Ain’ mah ma a midwife? Ain’ she raise me
ter be a midwife, too? Jes’ you leave it
ter me. She warn’t dar. Well’m, Dey Cookie say
Miss Meade done got wud early dis mawnin’
dat young Mist’ Phil done been shot an’ Miss Meade
she tuck de cah’ige an’ Ole Talbot an’
Besty an’ dey done gone ter fotch him home.
Cookie say he bad hurt an’ Miss Meade ain’
gwin ter be studyin’ ’bout comin’ up
hyah. Dey ain’ dar, Miss Scarlett. Ah drapped in
ter pass time of de day wid Mammy on
mah way home.
Dey’s doen gone. House all locked up.
Spec dey’s at de horsepittle.
Miss Elsing ober at de horsepittle.
Dey Cookie ’lows a whole lot of wounded
sojers come in on de early train. Cookie fixin’
soup ter tek over dar. She say—Yas’m
Gawdlmighty, Miss Scarlett! De Yankees
ain’ at Tara, s dey? Gawdlmighty,
Miss Scarlett! Whut’ll dey do ter Maw?
Dey’s fightin’ at Jonesboro, Miss Scarlett!
Dey say our gempumus is gittin’ beat.
Oh, Gawd, Miss Scarlett! Whut’ll happen ter
Maw an’ Poke? Oh, Gawd, Miss Scarlett! Whut’ll happen
ter us effen de Yankees gits hyah? Oh,
Gawd—Ah ain’ nebber seed him, Miss Scarlett.
No’m, he ain’ at de horsepittle.
Miss Merriwether
an’ Miss Elsing ain’ dar needer.
A man he tole me de doctah down
by de car shed
wid the wounded
sojers jes’ come in frum Jonesboro, but
Miss Scarlett, Ah wuz sceered ter go down dar ter
de shed—dey’s folkses dyin’ down dar. Ah’s
sceered of daid folkses—Miss Scarlett, fo’ Gawd, Ah
couldn’ sceercely git one of dem ter read
yo’ note. Dey wukin’ in de horsepittle
lak dey all done gone crazy. One doctah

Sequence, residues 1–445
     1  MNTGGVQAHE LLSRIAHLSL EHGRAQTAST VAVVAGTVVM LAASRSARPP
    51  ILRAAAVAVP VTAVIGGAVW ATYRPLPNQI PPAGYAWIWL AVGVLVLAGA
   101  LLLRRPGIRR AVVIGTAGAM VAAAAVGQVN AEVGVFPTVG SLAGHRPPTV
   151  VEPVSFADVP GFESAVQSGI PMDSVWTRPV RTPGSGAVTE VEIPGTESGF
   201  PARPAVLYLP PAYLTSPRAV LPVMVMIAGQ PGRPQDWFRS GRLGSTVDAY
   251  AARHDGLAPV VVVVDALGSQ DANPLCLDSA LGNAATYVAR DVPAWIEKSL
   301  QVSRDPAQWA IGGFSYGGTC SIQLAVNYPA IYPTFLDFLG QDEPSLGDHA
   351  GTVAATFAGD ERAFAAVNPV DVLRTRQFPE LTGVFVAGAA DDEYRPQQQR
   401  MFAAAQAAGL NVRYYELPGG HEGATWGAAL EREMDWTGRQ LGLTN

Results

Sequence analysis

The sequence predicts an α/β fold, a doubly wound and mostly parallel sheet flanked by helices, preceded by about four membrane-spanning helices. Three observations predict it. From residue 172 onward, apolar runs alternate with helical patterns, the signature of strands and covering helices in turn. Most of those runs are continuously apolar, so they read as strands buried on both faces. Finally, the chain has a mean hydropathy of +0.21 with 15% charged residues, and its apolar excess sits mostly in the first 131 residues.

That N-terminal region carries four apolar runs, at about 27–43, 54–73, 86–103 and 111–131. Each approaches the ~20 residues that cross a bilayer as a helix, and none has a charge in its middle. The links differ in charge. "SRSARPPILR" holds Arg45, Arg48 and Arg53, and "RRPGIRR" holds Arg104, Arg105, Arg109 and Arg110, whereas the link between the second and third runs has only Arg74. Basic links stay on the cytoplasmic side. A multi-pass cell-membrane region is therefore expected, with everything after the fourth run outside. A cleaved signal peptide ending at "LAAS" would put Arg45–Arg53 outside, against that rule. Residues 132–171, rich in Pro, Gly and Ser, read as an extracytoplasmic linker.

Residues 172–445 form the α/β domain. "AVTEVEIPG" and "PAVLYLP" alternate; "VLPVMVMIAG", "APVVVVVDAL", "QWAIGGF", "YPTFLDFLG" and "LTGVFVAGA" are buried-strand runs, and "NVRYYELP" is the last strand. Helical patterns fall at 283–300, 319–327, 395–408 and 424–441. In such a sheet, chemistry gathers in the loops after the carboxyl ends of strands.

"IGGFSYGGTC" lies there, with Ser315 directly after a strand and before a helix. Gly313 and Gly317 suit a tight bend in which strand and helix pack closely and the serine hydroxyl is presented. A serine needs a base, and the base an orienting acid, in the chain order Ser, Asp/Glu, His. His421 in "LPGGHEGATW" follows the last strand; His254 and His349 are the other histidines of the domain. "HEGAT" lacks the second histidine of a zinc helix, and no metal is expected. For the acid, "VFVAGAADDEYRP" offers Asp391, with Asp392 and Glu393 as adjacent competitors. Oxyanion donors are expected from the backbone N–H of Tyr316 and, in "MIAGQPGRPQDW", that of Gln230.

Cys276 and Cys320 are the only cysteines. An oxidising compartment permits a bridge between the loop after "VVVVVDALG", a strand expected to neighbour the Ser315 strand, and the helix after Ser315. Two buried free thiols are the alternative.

he say ter me, “Damn yo’ hide! Doan you come
roun’ hyah bodderi’ me ’bout babies w’en
we got a mess of men dyin’
hyah. Git some woman ter he’p you.” An’ den
Ah went aroun’ an’ about an’ ask fer news
lak you done tole me an’ dey all say “fightin’
at Jonesboro” an’ Ah—
Is her time nigh, Miss Scarlett?
Is de doctah come?
Gawd, Miss Scarlett! Miss Melly bad off!
Fo’ Gawd, Miss Scarlett—
Fo’ Gawd, Miss Scarlett!
We’s got ter have a doctah.
Ah—Ah—
Miss Scarlett,
Ah doan know nutin’ ‘bout bringin’ babies.

NOTES: Taken from Prissy’s famous scene in the movie version of Gone with the Wind, Place phonetically transcribes the “unreliable” slave’s words, which are then set in Miltonic couplets. Through the simple act of transcription, Place inverts our relationship to Margaret Mitchell’s best-selling and beloved American epic by prioritizing the formal aspects of language over Mitchell’s famous narrative. With this deconstructive move, Place illuminates the many subtexts embedded in the text concerning plays of power, gender, race, and authorship. By ventriloquizing the slave’s voice as well as Mitchell’s, Place also sets into motion a nexus of questions regarding authorship, leading one to wonder: who is pulling whose strings?

Source: Poetry (July/August 2009).

POET

Vanessa Place

Vanessa  PlaceVanessa Place is a writer, lawyer, and co-director of Les Figues Press.

Below are links to posts I wrote about the Conceptual Poetry Symposium in Tucson last June.

Conceptual Poetry Conference: now on-line

Friday, June 13th, 2008

Conceptual Poetry Conference: a poem w/constraint pt 1 (Days 1&2)

Monday, June 2nd, 2008